There’s an old adage in the communications world that goes something like this, ’Your message is not what you say, not what you write, it’s not even what they hear, it’s what they take away.’
Sounds obvious but how many communications plans start out with some key messages that look sensible on paper but by the time they’ve been communicated come to mean something completely different to the people they’re meant for.
The main point is the understanding and appreciation of your audience. Who is it you’re communicating to? How receptive will they be to the particular message? If the audience is your employees how do they like to be talked to? Is it simple language for the shop floor or jargon (hopefully not) for the management?
Writing for a particular audience can be a challenge. Putting yourself in their shoes and understanding what ticks their boxes really demands that you spend time at the outset considering the various target audiences for a communication.
Above all, don’t assume that because you’ve said it that you’ve communicated it.
There’s something very appealing to me about going ‘off-grid’. Of course ‘off-grid’ means different things to different people. For some it just about sticking some solar panels up on the roof, while others go the whole hog; farm a small holding, install some compostable toilets, dig a borehole for their own water supply…
Kicking away the crutches of modern life’s conveniences – or inconveniences depending on how you see them – can be quite inspiring. So what if you can carry through the same ‘Good Life’ approach for communicating to your fellow employees?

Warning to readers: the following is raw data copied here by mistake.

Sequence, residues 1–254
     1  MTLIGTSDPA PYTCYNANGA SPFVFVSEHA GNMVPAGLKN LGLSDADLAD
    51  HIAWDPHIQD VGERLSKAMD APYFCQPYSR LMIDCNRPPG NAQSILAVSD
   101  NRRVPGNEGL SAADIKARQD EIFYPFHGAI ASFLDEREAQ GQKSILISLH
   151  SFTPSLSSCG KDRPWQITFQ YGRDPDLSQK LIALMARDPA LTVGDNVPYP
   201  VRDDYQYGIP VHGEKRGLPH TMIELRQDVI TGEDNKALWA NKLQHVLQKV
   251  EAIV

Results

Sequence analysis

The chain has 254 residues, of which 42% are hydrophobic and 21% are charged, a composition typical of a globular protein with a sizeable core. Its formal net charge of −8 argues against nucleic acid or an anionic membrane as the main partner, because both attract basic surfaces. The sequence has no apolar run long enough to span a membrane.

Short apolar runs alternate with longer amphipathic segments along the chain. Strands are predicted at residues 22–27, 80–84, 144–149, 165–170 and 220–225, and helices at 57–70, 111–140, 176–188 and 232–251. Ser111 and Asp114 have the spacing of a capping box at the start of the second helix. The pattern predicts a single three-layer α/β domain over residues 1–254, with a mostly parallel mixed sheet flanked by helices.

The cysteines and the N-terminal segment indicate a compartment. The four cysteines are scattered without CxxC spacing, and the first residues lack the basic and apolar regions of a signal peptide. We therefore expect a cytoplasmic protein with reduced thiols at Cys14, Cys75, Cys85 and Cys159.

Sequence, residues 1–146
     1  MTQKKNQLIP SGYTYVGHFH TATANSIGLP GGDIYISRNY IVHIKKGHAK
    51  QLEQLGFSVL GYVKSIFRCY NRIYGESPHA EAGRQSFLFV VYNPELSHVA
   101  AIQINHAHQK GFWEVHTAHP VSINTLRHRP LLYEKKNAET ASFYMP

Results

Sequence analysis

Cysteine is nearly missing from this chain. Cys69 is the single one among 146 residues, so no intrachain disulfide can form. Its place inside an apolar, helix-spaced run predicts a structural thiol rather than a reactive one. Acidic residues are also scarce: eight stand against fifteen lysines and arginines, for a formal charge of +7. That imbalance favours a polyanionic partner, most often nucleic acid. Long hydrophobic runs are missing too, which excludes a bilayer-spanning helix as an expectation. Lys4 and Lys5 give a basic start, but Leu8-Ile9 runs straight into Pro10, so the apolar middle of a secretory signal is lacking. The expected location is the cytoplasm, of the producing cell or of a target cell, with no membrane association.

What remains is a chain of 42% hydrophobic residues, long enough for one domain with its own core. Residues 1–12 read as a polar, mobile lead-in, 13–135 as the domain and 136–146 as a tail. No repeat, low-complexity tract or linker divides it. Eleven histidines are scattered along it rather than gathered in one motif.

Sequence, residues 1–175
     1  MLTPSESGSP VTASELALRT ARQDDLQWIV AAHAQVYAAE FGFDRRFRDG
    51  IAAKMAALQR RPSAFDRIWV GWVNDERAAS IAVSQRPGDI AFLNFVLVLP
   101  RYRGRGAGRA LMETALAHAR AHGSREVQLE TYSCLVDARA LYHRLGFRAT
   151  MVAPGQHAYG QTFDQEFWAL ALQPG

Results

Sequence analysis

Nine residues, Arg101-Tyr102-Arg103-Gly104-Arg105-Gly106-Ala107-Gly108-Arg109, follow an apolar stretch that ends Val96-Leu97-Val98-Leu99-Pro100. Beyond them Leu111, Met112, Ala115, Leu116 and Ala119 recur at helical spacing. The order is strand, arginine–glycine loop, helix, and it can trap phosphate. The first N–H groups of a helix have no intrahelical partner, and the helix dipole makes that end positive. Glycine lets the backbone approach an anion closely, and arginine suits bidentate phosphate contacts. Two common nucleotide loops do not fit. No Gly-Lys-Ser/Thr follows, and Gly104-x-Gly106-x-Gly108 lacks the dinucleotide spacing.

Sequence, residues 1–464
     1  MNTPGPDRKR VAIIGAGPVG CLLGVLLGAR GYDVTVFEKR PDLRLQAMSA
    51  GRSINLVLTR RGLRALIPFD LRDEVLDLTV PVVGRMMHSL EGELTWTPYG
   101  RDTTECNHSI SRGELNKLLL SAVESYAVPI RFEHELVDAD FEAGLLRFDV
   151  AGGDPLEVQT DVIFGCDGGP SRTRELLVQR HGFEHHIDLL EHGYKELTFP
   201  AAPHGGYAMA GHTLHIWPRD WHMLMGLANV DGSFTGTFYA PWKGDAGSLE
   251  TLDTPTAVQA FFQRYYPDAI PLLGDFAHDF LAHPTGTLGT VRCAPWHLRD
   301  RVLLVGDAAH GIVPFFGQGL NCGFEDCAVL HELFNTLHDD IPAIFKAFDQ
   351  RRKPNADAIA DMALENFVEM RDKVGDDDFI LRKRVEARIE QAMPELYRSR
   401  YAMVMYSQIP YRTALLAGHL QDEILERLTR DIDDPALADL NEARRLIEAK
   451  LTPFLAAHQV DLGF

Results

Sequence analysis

The law of diminishing communications returns
“The more elaborate our means of communication, the less we communicate…” said Joseph Priestley. And he has something there if you think about how technology dominates how we communicate. In effect, the online tools at our fingertips, while very powerful, can risk making our communications increasingly ineffective. It’s the law of diminishing communications returns. The more you do of it, the less people listen to it.
What if you abandon the corporate intranet, do away with email, text messaging, instant messaging, and any other social tool like Yammer, and decide to do a little ‘off grid’ communication? Dig out your pre-online age communications toolbox and have a rummage and see what you can find:
Not everyone can hangout online all the time; have a think about where your fellow employees physically hangout at work;
- Reception areas
- Kitchen/drinks areas
- Meeting areas
- And of course, at their desks.
Now think about how you can use those areas;
- Talk to each other…there’s an idea. What forums exist to promote ‘talking’? How are those regular soapbox presentations going? Email free hour? Team meetings, road shows…
- Deskdrop – one guaranteed way of getting everyone’s attention for those really big announcements. Send a letter…in an envelope…addressed by hand…
- Notice boards – not just one way communication; use a whiteboard and ask questions. You’ll get responses.
- The rumour mill – great for finding out stuff but think how can you use it to push messages too.
- Guerrilla tactics – how can you hi-jack existing ‘offline’ communications. Staff get a Christmas gift every year? A great opportunity to communicate . Or at the Christmas party…
- Posters – people love pictures, so how can a series of posters help your internal comms campaign?
- Newsletters – don’t underestimate the power of the hardcopy newsletter. Could be a one-off related to a particular event for example.